7.  Draw a diagram using rectangles or circles (depending on the shape of your deck) to represent where cards will be laid out.  Number them according to the numbers you gave your questions.  This is your spread or layout.

8.  Place your chosen card on the first layout position.  Recall what this position is about.  Recall the core word or phrase you assigned to the card.  Find other ways to say the core word or phrase that have to do with the question in this position.  Write down any that really answer the question.

9.  Repeat what you did in # 8 for every layout position in your diagram, using ONLY your ONE chosen card for each position. In other words, your one chosen card is going to journey through the entire spread.  It’s the only card that will answer every question you’ve asked.  Let its core concept speak to each question.  Write down all of your relevant responses.

10.  Summarise by responding to, in writing, these four questions:

a)  By doing this activity, what have I learned about my topic, issue, or intention?

b)  By doing this activity, what have I learned about using the tarot in general?

c)  By doing this activity, what have I learned about this card in particular?

d)  By doing this activity, what have I learned about myself?

Here’s an example reading:

Gaian Tarot Nine of Fire1.  I’ve chosen the 9 of Fire from the Gaian Tarot.

2.  One word or one phrase that comes to me as I look at the 9 of Fire is centredness.

3.  Three positively-worded synonyms for centredness might be: alignment, spiritual connection, at peace.

4.  Three negatively-worded synonymns for centredness might be: selfishness, coldness, aloof.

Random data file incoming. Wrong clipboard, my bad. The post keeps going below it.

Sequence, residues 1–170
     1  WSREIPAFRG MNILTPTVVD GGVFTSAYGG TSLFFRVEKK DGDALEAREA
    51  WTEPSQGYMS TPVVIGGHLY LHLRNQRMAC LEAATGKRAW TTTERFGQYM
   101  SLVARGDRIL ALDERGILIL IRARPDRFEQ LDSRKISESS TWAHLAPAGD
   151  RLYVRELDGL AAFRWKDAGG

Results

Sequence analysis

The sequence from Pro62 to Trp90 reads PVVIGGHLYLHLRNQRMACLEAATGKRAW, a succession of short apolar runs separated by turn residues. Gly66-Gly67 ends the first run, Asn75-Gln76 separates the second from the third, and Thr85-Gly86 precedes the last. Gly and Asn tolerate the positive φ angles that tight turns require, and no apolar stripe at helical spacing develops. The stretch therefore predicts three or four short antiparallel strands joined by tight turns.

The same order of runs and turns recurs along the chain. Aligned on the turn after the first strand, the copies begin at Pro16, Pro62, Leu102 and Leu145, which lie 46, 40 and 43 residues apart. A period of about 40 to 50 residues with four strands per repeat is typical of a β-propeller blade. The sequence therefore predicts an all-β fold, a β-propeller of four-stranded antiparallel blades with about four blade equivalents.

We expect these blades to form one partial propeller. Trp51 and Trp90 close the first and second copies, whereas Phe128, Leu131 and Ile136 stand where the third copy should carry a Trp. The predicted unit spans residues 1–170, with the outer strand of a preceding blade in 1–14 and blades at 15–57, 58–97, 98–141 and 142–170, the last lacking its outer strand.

5.  My topic/intention: Writing my next tarot book.

6.  The questions I’ve generated about writing my next tarot book are:

  • What is the principle message I want to convey to others in this book?
  • What is the worst way for me to present this message?
  • What is the most helpful and inviting way for me to present this messsage?

7.  My diagram:

3 Card Spread

8.  When I place the 9 of Fire on the first position — the principle message I want to convery in my book — it suggests tapping into your creative centre with the cards, using the tarot align with your true Centre/Self, and tarot as a tool for personal peace.

9.  Placing the 9 of Fire on the other two positions, I come up with these responses.  The worst ways to present this message are with cold, aloof language and with concepts that sound self-centred and clued out about real life.  Helpful, inviting ways to present the book’s message include speaking from a place of spiritual alignment within myself, using language that is calmly alive and bringing in concepts that invite the reader into hir own ways of connecting with divine wisdom.